The French writer Alphonse Daudet (1840-1897) developed the form of tertiary syphilis called tabes dorsalis in the early 1880’s. Tabes progressively destroys the structures of the dorsal column of the spinal cord, leading at first to lower extremity ataxia and neuropathic pain, and eventually to paralysis of the legs associated with intractable pain. Daudet sought treatment from the leading neurologists of his time, including J. M. Charcot and C. E. Brown-Séquard, but the disease progressed relentlessly.
At some point Daudet began making notes for a book about his illness. He spoke to several of his contemporaries about this project, but the book never became more than a collection of brief notes, which were collected and published posthumously as "La Doulou" (Provencal for "pain"). This short book, translated here by Julian Barnes, consists of "fifty or so pages of notes on his symptoms and sufferings, his fears and reflections, and on the strange social life of patients at shower-bath and spa." (p. xiii)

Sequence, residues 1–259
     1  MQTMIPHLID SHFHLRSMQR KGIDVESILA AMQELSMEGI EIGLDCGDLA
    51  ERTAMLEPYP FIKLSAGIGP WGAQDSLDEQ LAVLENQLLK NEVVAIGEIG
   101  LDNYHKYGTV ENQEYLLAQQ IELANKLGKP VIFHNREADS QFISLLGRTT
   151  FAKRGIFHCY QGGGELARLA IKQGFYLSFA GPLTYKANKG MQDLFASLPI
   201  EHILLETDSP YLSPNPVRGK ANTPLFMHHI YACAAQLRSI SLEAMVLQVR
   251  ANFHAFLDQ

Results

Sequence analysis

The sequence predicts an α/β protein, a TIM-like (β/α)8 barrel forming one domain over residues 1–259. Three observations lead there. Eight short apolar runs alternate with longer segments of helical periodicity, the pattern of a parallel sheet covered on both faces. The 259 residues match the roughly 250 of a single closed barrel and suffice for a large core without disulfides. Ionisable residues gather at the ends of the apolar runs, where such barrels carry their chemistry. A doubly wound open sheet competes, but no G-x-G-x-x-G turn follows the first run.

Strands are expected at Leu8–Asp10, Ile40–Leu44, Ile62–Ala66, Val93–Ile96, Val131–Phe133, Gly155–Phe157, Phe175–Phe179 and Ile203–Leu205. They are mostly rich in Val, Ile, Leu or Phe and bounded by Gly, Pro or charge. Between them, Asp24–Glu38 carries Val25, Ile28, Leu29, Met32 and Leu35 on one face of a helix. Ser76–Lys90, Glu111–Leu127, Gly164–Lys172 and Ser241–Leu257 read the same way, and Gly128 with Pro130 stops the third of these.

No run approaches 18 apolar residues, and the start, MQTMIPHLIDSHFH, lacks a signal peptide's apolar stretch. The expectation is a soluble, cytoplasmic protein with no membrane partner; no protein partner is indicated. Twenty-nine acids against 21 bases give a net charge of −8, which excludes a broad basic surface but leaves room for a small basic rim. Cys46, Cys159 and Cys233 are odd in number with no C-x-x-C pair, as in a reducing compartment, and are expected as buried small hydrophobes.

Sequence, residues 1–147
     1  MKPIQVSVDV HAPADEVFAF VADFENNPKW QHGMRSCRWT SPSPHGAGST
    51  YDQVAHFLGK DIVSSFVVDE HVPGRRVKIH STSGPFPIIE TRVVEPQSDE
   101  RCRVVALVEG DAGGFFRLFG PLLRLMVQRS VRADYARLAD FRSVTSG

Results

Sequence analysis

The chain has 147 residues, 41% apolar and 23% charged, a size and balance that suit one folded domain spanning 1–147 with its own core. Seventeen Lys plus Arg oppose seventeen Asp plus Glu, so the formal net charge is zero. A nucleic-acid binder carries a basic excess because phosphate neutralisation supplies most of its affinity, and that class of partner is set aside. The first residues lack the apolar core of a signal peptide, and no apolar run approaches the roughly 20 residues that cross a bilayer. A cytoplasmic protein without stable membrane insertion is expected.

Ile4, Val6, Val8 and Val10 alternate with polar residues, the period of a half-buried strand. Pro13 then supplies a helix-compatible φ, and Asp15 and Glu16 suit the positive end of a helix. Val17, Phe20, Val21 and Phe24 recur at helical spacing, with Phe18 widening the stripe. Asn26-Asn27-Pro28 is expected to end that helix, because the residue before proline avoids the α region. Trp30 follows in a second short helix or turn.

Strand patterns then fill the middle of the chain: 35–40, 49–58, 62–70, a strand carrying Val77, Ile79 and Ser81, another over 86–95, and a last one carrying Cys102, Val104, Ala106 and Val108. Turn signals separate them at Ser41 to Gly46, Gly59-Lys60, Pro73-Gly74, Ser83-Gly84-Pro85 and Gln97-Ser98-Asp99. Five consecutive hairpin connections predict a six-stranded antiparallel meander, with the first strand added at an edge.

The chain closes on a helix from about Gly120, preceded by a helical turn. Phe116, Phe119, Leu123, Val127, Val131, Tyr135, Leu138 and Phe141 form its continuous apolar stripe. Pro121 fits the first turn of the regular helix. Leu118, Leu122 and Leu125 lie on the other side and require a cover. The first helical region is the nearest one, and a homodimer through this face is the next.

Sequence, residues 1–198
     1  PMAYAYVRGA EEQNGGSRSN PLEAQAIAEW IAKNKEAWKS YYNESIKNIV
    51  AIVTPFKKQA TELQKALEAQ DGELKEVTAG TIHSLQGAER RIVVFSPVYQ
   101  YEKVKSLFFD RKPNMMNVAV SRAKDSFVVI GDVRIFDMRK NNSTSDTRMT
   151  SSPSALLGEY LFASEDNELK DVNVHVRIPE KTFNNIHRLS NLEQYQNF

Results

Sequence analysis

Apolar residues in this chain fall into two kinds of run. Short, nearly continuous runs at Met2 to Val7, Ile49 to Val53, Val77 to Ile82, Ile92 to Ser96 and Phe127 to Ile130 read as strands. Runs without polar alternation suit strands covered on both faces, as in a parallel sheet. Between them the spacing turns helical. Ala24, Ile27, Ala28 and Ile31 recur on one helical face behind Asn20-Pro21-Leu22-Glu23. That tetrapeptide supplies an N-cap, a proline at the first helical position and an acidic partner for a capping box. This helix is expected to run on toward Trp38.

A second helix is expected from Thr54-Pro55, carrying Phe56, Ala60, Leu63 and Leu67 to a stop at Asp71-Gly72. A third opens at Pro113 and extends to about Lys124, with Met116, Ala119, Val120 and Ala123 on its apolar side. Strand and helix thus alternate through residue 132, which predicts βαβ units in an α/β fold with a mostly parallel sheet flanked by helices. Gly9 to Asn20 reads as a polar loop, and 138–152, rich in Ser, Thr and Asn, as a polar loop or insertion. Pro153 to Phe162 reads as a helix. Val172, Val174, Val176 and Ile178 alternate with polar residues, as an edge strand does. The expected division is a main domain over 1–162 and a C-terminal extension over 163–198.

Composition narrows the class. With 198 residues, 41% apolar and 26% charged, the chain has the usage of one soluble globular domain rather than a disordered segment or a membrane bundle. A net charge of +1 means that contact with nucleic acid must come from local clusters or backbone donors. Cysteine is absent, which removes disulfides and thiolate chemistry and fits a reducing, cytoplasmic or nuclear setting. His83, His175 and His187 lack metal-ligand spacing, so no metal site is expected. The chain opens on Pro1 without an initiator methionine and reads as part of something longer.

The notes are generally in chronological order, beginning with short comments like "Torture walking back from the baths via the Champs-Elysées" (p. 4) and "Also from that time onwards pins and needles in the feet, burning feelings, hypersensitivity." (p. 6) In a long section toward the end Daudet comments on his experience at Lamalou, a thermal spa that he visited annually from 1885 to 1893. "I’ve passed the stage where illness brings any advantage or helps you understand things; also the stage where it sours your life, puts a harshness in your voice, makes every cogwheel shriek." (p. 65)